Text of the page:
Attracting and retaining the best talent is crucial for any organization striving for success and growth. The changing workforce and ever-growing skills gaps make this more important than ever. In response to this, GP Strategies surveyed over 2,000 employees and people leaders across the globe in early 2023 to get a perspective on the current state of career development.
The findings from this survey led to the emergence of four paradoxical themes about career development. This article explores those four key paradoxes and how this information can help you attract and retain the best talent for your organization.
Paradox #1: I’m more engaged in my current job when talking about my future.
With voluntary turnover numbers at some of the highest on record, it is clear that people are not afraid to move toward new opportunities or resign from traditional employment in favor of contract or gig work. However, you don’t need to lose the best people in your organization, provided you put in place measures to prioritize career and skills development in a way that supports your people. Across all populations and regions, for a large proportion of the workforce, career development is a priority.
The high prioritization of career could indicate a workforce full of employees focused on their needs or actively searching for a new job instead of contributing to their current organization.
However, our survey revealed that most people feel that career development greatly impacts their engagement in their current role. Career development opportunities are emerging as a key to driving employee engagement now, not just in the future.
Paradox #2: My values and strengths are important in my current job, and financial reward is important for my next job.
During discussions with their managers, 61% of employees reported wanting to focus more on their values and strengths and finding themselves more likely to engage with work they find satisfying.
It is easy for employee-focused career conversations to get side-lined, especially when managers want to discuss deliverables. But for employees, values remain prominent in manager-employee conversations, surpassing considerations like past roles, experience, compensation, and promotions. Historical data also consistently highlights the paramount importance of values in these interactions.
By understanding your people’s personal values, strengths, and desired growth areas, you will learn what matters to them. A genuine exchange between a leader and an employee about what matters most to the employee might be the most significant retention tool available.
Having said that, there is a definite emerging trend toward employees ranking compensation as increasingly important to them. Respondents indicated that financial reward is the top factor they will look for in a new position. These findings indicate that meeting values are increasingly important to your people, but you should not ignore the issue of competitive compensation.
Paradox #3: I need to have frequent conversations about what I want and what the organization wants.
It is clear that employees want to discuss their careers regularly. Unfortunately, there is often a big difference between the frequency they would like and the frequency at which the conversations actually happen.
You can learn about your people’s unique values, strengths, and aspirations through regular career conversations. Your most critical role as a leader is connecting organizational needs with your people’s aspirations and values.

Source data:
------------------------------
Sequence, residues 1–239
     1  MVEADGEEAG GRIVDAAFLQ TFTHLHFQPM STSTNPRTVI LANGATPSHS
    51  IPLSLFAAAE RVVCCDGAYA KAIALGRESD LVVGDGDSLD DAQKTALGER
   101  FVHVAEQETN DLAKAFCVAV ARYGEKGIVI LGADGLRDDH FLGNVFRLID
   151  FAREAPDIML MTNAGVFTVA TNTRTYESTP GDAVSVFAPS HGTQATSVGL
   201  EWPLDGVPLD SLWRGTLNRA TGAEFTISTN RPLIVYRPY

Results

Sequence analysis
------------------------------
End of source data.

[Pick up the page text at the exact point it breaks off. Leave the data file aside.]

We have also learned that employees want leaders to be champions for them and to connect them to opportunities. In fact, a massive 96% of people want their leaders to play some role in their career development. You can best deliver on this desire by genuinely understanding what is important to each of your people and actively helping them achieve their aims.
Paradox #4: My current priorities prevent me from prioritizing my development.
Fewer than half of the people who responded to our survey indicated they were spending the right amount of time on their careers. Investing in your people’s development will have a hugely positive impact both on your employees and your organization.
When asked whether they would take advantage of professional development opportunities if they were offered, our respondents were overwhelmingly positive. Almost three-quarters of people leaders and 70% of individual contributors said that they are likely or very likely to take advantage of development opportunities.
Unfortunately, people also do not feel they have the support they need to invest in professional development—and lack of time and competing resources are at the top of the list. Supporting your people’s career development can be difficult if you work in a culture of seeing it as an extra to the “real work” of your organization. But by creating a way of thinking that supports career development as integral to your company’s agenda, you can truly be there for your people and encourage them to thrive.
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How employees consider what they want out of their careers has fundamentally changed. We have learned that people want to fulfill their desire for interesting and meaningful work, and they want compensation. They want to be in regular discussions with their leaders about their work, career development, and open opportunities.
To attract and keep the best talent in your organization, it is vital that you are aware of and actively working on these aspects for your people. Leaders need to view career development as a fundamental part of their organization and the most important way of retaining their most valuable asset—their people.
To learn more about this study in paradox and discover deeper insights into our research, please download the 2023 Career Perspectives Report.